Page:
Tuesday, December 23, 1997

Stone Writing on Black Top Mesa

December 23, 1997 © Thomas J. Kollenborn. All Rights Reserved. 

The rugged land east of Superstition Mountain holds many interesting secrets.

On the south end of Black Top Mesa, or if you prefer Black Top Mountain, are several petroglyphs or stone markings. The markings have been the subject of much controversy over the years. Their significance was brought to light more than fifty years ago when John T. Clymenson, alias Barry Storm, wrote his book On the Trail of the Lost Dutchman in 1939.

These markings have been known since the turn of the century. William A. Barkley visited the site prior to 1915 and said the sunburst and snake were on the rock then. He did not recall seeing the word “oro.” My father visited the site in 1933, and he remember[ed] the markings as we see them today. Many old timers have prospected and dug holes in the area around Black Top Mesa believing in the significance of the markings on the south end of the mesa. The Harnish brothers spent more than three decades in the area searching for treasure and a mine. An old timer by the name of Lee Kessler spent a considerable amount of time on Black Top in the early 1950s. Even men like Al Morrow, Dale Howard, John Pearce and Ed Piper were convinced the markings on Black Top were a significant part of a much larger puzzle for locating the Dutchman’s Lost Mine. Also, it must be taken into consideration that most of these old time prospectors believed the Dutchman’s Lost Mine and the Peralta Mines were all one in the same.

During the past fifty years I have made many trips to the south end of Black Top Mesa to look at these markings. Like so many things in the Superstition Wilderness Area, the Black Top Mesa petroglyphs sort of mesmerize those who gaze upon them. The markings invoke one to wonder if the markings were scratched into the rocks by the early Native American inhabitants of the area, early prospectors of the area or early treasure hunters.

If part of the markings are authentic, then they may have been scratched onto the black basalt rocks by the early Native American inhabitants of the area. There are many samples of Native American petroglyphs within the boundaries of the Superstition Wilderness Area. Petroglyphs can be found in La Barge Canyon, East Boulder Canyon, near Garden Valley and Second Water Canyon just to name a few places. Treasure signs, probably made in the past fifty years, can be found throughout the wilderness area also. The most common treasure sign found is the Spanish word “oro,” which means “gold.” There are two oro signs on Black Top Mesa, one located in Middle Boulder Canyon, one in West Boulder Canyon, two in La Barge Canyon, one near Miner’s Needle, three in and around Weaver’s Needle, two on Peter’s Mesa and one in Bark’s Draw just to name a few. Most of these oro signs are at least forty years old. There have been many more scratched in rocks since 1970. It is a major research project today to [locate] oro signs that date prior to 1950.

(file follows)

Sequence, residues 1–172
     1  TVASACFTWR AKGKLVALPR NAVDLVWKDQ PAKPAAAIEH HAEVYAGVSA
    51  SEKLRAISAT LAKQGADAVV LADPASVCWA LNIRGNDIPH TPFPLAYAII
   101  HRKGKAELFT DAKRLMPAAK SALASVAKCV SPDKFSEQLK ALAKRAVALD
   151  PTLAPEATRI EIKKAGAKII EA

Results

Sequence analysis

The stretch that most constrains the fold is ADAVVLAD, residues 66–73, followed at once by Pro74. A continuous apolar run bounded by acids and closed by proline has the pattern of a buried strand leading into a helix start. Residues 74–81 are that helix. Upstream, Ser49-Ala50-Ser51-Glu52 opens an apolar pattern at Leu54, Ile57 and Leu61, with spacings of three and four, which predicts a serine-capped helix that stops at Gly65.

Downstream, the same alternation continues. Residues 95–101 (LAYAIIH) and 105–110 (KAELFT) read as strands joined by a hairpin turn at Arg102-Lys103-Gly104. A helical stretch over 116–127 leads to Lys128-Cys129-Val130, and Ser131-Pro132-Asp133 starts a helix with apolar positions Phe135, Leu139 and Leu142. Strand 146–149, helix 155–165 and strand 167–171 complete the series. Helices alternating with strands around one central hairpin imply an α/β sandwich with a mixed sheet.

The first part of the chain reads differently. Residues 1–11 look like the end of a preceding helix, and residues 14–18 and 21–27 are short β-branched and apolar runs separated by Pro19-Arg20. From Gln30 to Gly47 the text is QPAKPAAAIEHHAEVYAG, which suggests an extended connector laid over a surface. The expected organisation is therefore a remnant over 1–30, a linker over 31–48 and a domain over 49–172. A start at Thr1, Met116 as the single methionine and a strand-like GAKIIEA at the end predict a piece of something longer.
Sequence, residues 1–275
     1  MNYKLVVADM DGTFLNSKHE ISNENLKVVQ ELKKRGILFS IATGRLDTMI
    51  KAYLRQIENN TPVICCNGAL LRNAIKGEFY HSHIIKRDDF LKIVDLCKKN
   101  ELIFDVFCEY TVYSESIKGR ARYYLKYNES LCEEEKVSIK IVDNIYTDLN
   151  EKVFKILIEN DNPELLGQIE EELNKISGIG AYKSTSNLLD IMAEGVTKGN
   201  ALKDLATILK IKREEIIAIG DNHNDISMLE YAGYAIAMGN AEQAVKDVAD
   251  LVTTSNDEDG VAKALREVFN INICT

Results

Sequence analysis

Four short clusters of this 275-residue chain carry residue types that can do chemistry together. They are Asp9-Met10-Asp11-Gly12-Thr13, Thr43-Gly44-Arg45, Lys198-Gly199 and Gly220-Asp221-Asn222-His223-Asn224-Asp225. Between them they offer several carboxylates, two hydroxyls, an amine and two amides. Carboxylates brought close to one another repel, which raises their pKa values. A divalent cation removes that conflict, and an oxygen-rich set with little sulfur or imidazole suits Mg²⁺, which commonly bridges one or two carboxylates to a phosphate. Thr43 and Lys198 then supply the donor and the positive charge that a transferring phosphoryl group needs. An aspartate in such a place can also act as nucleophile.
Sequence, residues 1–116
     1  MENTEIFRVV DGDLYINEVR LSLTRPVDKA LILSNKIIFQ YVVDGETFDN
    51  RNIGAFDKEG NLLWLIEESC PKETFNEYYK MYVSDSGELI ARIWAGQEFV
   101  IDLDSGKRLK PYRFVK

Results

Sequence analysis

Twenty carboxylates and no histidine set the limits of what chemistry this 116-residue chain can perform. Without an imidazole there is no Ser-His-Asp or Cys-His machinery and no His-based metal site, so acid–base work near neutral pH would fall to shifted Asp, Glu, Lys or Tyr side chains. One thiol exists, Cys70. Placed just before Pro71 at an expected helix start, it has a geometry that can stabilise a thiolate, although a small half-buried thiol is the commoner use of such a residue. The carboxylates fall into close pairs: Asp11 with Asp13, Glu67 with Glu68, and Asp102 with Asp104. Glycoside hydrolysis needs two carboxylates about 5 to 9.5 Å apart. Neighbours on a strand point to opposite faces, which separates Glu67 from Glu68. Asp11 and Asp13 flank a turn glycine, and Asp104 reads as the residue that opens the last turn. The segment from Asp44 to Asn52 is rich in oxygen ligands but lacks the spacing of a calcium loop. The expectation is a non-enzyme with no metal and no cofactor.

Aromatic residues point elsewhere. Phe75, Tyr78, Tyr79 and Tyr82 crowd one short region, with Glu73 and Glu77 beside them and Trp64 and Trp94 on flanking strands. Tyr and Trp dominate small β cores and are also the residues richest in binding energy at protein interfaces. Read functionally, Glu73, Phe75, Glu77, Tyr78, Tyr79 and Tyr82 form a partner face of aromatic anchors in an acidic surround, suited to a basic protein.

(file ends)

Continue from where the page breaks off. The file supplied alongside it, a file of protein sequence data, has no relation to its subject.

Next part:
The oro markings on Black Top Mesa are the best known because of Barry Storm’s Thunder God’s Gold and the Columbia motion picture Lust for Gold starring Glen Ford and Ida Lupino. It is amazing how many people believe these markings to be totally authentic. The United States Geological Survey and the U.S. Army Map Service completed their topographic and geological survey sometime in the 1950s. The results of their work produced new 7.5 minute topographic maps for the wilderness area. On the Goldfield Quadrangle, Arizona you can find the Spanish hieroglyphics on the southeast end of Black Top Mesa. The most recent trip I made to the site was in April of 1997.

These markings, authentic or not, are a distinct part of the human history of the Superstition Wilderness. Nothing can alter or change this. Humankind has made their impact on the land; this cannot be erased by the stroke of a pen.